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Inslee’s Climate Agenda for the Presidential Election Gets Rare Wins

Politics

Inslee’s Climate Agenda for the Presidential Election Gets Rare Wins

This may be a coincidence that the declaration by Governor Inslee about his intent to run in the presidential elections and Washington Senate’s passing a clean-power bill come at same time. But, there is no doubt that the action by Senate gives impetus to the credibility of Governor Inslee in the presidential run.

The 28-19 Senate vote to approve Senate Bill 5116 and Friday’s passage in the House of HB 1112, another proposal sought by Inslee has been a pair of rare victories for the governor’s climate agenda in the Washington Legislature.

SB 5116 was co-sponsored by Sen. Reuven Carlyle, D-Seattle, and it would require the state’s utilities to stop using coal-generated electricity by the end of 2025. It would also set a target to make Washington utility carbon-free by 2045.

“We’re setting a pathway that’s real, measurable and specific and tangible to get the rest of our electricity grid off fossil fuels,” said Carlyle. He added later: “It’s a big step forward, by any standard.”

Sen. Tim Sheldon of Potlatch, Mason County, a conservative Democrat who caucuses with Republicans, has reportedly joined Democrats in ratifying the bill on an otherwise party-line vote.

The bill has been scheduled for a Tuesday committee hearing in the House.

In the meantime, the House on Friday afternoon passed HB 1112, co-sponsored by Rep. Joe Fitzgibbon, D-West Seattle. This would phase out the use of hydrofluorocarbons in equipment such as industrial refrigeration units.

In a statement about the bill’s passage, Fitzgibbon called the legislation necessary “because we cannot rely on the federal government to act on climate by regulating pollutants.”

For Inslee, who has long made climate change the center of his political career, the double victories showed a paradigm shift. It should be noted that the governor has for years watched his ambitious clean-energy proposals — such as a carbon cap-and-trade program and a proposed carbon fee — fail to gain traction at the Legislature. And, we should not forget that the voters rejected carbon-fee ballot measures in 2016 and 2018.

Just after Inslee released a video announcing his bid for the Democratic nomination for president in 2020, the Senate took to the floor. He primarily focused on tackling climate change and included clips of the governor discussing the issue over the decades.

However, Republicans on Friday protested both bills, and some were trying to cast doubt on the human-caused effects of climate change. Others expressed concern that the phase-out of hydrofluorocarbons has the potential to hurt agricultural and other industries in Eastern Washington.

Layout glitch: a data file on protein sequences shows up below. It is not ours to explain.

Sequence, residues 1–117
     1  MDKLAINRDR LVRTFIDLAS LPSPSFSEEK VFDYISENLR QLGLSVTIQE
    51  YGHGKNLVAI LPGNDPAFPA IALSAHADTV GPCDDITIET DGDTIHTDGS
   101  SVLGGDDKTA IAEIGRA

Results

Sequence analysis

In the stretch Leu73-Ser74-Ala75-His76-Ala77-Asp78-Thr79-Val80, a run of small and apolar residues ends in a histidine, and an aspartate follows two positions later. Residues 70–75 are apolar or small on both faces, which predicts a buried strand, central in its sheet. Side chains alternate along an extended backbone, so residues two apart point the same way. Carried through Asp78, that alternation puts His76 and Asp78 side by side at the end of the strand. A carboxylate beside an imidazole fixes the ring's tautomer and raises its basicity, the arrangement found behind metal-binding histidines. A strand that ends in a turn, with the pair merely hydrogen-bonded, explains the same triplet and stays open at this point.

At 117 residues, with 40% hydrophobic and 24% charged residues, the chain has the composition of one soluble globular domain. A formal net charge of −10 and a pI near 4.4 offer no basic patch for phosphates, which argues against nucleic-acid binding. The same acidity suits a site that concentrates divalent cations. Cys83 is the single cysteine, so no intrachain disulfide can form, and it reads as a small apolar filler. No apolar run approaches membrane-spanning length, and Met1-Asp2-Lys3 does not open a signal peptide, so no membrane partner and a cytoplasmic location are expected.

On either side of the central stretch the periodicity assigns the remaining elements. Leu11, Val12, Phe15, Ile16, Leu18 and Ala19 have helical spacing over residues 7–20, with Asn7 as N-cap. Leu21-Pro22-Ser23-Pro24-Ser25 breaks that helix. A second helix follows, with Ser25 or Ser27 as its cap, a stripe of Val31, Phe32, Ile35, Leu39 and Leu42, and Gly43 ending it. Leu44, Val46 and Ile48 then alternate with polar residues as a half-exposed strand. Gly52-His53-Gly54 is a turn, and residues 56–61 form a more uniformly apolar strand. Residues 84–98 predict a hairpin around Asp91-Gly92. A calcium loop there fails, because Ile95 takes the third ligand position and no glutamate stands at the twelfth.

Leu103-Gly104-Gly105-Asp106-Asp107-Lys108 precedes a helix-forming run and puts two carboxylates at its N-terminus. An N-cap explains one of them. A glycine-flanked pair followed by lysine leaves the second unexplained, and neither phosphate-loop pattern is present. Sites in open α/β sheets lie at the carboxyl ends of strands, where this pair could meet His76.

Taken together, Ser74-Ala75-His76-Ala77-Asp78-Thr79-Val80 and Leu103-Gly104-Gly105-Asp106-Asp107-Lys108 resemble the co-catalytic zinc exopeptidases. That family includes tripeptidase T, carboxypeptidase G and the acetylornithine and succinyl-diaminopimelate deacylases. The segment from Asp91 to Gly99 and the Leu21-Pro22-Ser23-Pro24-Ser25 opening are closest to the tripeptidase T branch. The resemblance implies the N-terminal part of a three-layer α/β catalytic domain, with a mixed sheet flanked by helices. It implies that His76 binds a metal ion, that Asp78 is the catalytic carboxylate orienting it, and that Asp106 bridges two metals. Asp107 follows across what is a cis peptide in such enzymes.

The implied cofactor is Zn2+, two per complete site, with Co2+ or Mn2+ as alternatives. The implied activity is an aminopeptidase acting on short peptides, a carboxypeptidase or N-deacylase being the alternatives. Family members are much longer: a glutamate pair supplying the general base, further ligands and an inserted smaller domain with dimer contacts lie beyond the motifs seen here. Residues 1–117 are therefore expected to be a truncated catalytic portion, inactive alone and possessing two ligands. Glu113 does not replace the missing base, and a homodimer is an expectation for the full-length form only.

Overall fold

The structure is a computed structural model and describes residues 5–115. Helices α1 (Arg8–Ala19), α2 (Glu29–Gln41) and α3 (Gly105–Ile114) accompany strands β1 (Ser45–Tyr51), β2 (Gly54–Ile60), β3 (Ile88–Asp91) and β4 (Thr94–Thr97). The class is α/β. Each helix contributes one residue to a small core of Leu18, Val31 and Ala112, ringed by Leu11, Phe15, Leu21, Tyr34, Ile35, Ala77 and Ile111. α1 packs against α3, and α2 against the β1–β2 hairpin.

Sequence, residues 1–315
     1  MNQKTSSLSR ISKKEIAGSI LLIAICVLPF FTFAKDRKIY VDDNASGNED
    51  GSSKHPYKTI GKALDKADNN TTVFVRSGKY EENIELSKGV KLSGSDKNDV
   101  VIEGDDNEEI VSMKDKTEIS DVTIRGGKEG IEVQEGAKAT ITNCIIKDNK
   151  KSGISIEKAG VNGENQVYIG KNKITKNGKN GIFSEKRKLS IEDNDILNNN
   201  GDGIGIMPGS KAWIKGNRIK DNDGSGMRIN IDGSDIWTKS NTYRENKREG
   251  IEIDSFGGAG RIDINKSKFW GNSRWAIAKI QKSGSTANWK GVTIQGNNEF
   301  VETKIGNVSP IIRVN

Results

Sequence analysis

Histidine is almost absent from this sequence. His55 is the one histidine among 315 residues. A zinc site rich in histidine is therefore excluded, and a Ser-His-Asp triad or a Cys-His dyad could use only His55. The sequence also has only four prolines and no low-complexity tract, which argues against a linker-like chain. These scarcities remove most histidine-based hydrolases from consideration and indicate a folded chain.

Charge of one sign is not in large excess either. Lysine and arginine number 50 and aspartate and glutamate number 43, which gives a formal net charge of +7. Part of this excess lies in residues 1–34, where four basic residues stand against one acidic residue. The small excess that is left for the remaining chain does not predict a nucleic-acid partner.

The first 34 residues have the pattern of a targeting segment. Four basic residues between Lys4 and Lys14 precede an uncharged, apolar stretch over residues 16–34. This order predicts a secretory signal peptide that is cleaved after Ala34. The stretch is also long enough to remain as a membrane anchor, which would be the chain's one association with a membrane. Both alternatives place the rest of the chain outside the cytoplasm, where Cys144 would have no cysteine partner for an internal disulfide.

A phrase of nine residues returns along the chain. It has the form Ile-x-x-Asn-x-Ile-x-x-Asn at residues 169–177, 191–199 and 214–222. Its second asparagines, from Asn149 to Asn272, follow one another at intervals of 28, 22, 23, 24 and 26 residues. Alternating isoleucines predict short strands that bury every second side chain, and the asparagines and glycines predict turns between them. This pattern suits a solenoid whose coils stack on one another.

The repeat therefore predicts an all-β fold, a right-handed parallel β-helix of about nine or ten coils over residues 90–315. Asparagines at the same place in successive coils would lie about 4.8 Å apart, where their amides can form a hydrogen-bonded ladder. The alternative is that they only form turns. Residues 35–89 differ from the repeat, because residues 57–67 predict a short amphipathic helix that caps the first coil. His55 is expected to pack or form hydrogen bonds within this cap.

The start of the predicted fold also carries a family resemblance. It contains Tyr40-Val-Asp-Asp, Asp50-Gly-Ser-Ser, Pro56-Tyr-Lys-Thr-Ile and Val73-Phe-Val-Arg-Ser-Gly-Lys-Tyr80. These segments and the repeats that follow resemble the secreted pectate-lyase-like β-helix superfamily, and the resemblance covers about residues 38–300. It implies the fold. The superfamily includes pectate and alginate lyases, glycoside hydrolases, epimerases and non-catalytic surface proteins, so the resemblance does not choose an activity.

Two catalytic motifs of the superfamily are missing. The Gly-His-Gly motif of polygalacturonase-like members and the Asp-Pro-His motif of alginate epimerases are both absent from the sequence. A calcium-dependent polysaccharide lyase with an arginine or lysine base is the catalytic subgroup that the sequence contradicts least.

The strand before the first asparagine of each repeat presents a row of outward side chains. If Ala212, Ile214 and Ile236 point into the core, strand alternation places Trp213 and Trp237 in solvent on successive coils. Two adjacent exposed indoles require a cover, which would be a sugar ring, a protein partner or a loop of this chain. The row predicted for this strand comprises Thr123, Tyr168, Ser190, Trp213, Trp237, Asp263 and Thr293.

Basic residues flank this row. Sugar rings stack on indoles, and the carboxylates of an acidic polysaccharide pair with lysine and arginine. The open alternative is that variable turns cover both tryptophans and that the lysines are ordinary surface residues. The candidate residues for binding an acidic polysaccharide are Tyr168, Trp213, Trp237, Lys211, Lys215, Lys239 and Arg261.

Sen. Curtis King, R-Yakima, stated the clean-power bill a poor approach to reducing carbon — and one that would ultimately raise electricity costs.

“This bill is going to raise the cost of energy to everybody,” said King in a floor speech. “It’s going to raise the cost of energy to the low-income; those that can least afford it.”

Sen. Doug Ericksen, R-Ferndale and a frequent Inslee critic, this week termed the 100-percent power plan an “aspirational goal based on a campaign promise that sounded good on a slogan but really doesn’t make any sense in public policy.”

However, the votes of Friday don’t end the clean-power debate at the Legislature, even among Democrats.

The House has been working on an even stronger clean-power proposal for hitting the 2045 carbon-free deadline. And on the contrary, Carlyle’s bill allows flexibility for some utilities to draw power from natural-gas plants that produce greenhouse-gas emissions, even after that deadline.

Along with the clean-power and hydrofluorocarbons proposals, Inslee and Democrats are trying to introduce bills to reduce the carbon content of transportation fuels, boost energy conservation for buildings and increase the use of electric vehicles.

As per Governor, those bills would add up to roughly the same amount of carbon reduction as his legislation in recent years to enact a carbon fee or a carbon cap-and-trade system.

With their first big House and Senate majorities in the past few years, Democrats have put clean energy at the forefront of this year’s to-do list.

However, even with those more significant majorities this year the transportation-fuels proposal may not have the votes to get to the governor’s desk. As per some worries, that proposal would raise fuel costs.

According to Sen. Steve Hobbs, D-Lake Stevens, he opposed the clean-fuel standards because it might increase the price of gas “but brings nothing back to the state of Washington.”

“A low-carbon fuel standard is not going to build a single ferry, it’s not going to build a [fish] culvert, it’s not going to address any of our transportation needs in the state of Washington,” said Hobbs. “And environmental needs.”

This year he is proposing an infrastructure package which would be funded partly through a carbon fee.

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